August 15, 2010

Ezekial 2

After the opening vision in Ezekiel 1, Ezekiel lies prostrate before the voice of God awaiting the Word that is to come to him. Ezekiel receives his commission from God at this time (vs. 1-5), that of being the designated prophet to minster to the rebellious people Israel. After hearing the words of God, Ezekiel then receives the sins and judgements of God on a scroll, eventually eating the scroll and then moving on to preach to the people Israel starting in chapter 3.

So we being, Chaper 2....

Inner Strength

Ezekiel lies face down in awe of God, in holy reverence to the granter of the sparkling vision of God and beauty of God's Spirit out of the whirlwind to being this book. Does God commend him for his humble adoration? No, but rather calls him to stand, not unlike his call to Moses upon Moses' experience at the Burning Bush. The call to standing up is a call to action, but the decision to stand and take in the commands of God is on our own doing. Matthew Henry's Commentary (MHC) points this out:
v. 2. God bade him stand up; but, because he had not strength of his own to
recover his feet nor courage to face the vision, the Spirit entered into him and
set him upon his feet. Note, God is graciously pleased to work that in us which
he requires of us and raises those whom he bids rise. We must stir up ourselves,
and then God will put strength into us; we must work out our salvation, and then God will work in us.

When the Spirit of God calls, our adoration cannot delay our response but rather quicken our feet to action. God calls us to pray, but God also calls us to listen closely to his Spirit and when the call to action is placed upon our lives, we must be ready to heed the call.


Why is it that we often get this picture of God being some lovable Shepard with the little children smiling around him while forgetting that that same God is also a God of righteousness and justice? Is it that we want an excuse to continue justifying our own self-righteousness?

In verse 4, God calls out Israel saying, "For they are stiff-faced, hard-hearted and stubborn children. I am sending you to them, and you shall say to them, 'Thus says the Lord God.'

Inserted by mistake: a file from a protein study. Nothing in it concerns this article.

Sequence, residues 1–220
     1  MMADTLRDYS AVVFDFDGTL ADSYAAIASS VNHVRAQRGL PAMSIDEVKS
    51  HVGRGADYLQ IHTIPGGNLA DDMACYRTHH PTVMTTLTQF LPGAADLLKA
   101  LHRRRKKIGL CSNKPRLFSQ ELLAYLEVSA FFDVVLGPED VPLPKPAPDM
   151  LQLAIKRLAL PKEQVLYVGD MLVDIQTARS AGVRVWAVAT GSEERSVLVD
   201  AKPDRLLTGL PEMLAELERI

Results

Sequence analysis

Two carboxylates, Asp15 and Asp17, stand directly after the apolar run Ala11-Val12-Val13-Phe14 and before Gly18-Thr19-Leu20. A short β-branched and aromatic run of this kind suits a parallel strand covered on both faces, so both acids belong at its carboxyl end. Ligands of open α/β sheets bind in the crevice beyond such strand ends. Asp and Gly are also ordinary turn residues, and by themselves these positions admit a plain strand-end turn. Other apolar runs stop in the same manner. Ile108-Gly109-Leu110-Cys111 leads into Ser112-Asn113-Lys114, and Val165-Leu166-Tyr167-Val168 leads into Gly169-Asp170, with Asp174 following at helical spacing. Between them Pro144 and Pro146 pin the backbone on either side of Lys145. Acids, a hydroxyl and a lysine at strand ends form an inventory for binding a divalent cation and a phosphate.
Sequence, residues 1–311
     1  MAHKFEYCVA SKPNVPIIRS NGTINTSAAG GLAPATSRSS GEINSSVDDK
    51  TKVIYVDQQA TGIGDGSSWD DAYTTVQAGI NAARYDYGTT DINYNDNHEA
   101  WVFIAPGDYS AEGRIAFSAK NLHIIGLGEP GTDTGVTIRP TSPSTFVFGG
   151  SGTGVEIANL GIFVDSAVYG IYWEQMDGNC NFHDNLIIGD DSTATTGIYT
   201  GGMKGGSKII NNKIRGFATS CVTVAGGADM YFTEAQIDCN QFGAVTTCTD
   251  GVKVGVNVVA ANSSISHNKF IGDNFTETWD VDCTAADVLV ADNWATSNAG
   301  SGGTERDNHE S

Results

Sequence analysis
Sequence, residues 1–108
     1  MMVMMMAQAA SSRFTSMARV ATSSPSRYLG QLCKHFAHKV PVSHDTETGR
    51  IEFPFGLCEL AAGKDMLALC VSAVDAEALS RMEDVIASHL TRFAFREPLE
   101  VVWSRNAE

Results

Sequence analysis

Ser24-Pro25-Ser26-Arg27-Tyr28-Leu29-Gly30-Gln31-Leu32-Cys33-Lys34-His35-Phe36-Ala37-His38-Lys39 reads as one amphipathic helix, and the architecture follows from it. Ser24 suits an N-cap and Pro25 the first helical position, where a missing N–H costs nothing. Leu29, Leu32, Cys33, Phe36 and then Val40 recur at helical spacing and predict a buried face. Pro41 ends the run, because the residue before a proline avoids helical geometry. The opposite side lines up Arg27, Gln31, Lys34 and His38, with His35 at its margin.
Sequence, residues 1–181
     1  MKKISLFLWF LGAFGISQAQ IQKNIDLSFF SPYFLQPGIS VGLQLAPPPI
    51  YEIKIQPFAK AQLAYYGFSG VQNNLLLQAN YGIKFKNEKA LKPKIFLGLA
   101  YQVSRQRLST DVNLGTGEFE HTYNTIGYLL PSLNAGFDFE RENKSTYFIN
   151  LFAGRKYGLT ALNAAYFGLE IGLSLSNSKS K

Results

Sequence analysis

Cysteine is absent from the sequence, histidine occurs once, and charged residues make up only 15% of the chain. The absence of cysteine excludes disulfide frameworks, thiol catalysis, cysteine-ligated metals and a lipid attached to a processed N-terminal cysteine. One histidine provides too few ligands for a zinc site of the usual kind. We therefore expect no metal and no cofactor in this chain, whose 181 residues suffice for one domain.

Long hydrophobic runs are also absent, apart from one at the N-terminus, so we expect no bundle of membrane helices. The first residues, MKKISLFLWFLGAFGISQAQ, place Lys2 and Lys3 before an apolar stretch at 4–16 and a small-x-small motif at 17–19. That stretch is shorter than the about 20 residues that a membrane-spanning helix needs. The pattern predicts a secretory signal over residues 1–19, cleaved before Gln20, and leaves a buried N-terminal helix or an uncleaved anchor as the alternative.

MHC describes the true message of God in more depth saying, 'They are impudent children, brazen-faced, and cannot blush; they are still-hearted, self-willed, and cannot bend, cannot stoop, neither ashamed nor afraid to sin; they will not be wrought upon by the sense either of honour or duty.'

Oh how often we fall short and instead relish in our own rebellious ways. This is the reason God is sending Ezekiel to Israel as their self righteousness smoke has reached heaven's gate. God will not strive with, nor will he keep his anger from us forever.

Conscience as Witness

While man can try to explain away their naturally evil bent behaviors, nothing can explain away the feeling of guilt or sin upon the conscience. We all show the work of the law written on our hearts, with the conscience bearing witness to the truth and our thoughts accusing or excusing our behavior. Likewise, the conscience also responds to the Gospel in a similar manner.

Verse 5: He has authority to call those to an account to whom he
sends his ambassadors. Whether they will hear or whether they will forbear,
whether they will attend to the word or turn their backs upon it, they shall
know that there has been a prophet among them, shall know by experience.

The natural question that Ezekiel or anyone else in likewise predicament would be stating is, What difference will it make if I go or not if they won't even listen to the message? God states it clear in verse five that their response will not be involuntary and unaccounted for, their conscience will bear witness to the truth of the gospel being preached. MHC states, '
When men’s hearts are made to burn under the word, and their wills to bow to it, then they know and bear the witness in themselves that it is not the word of men, but of God.'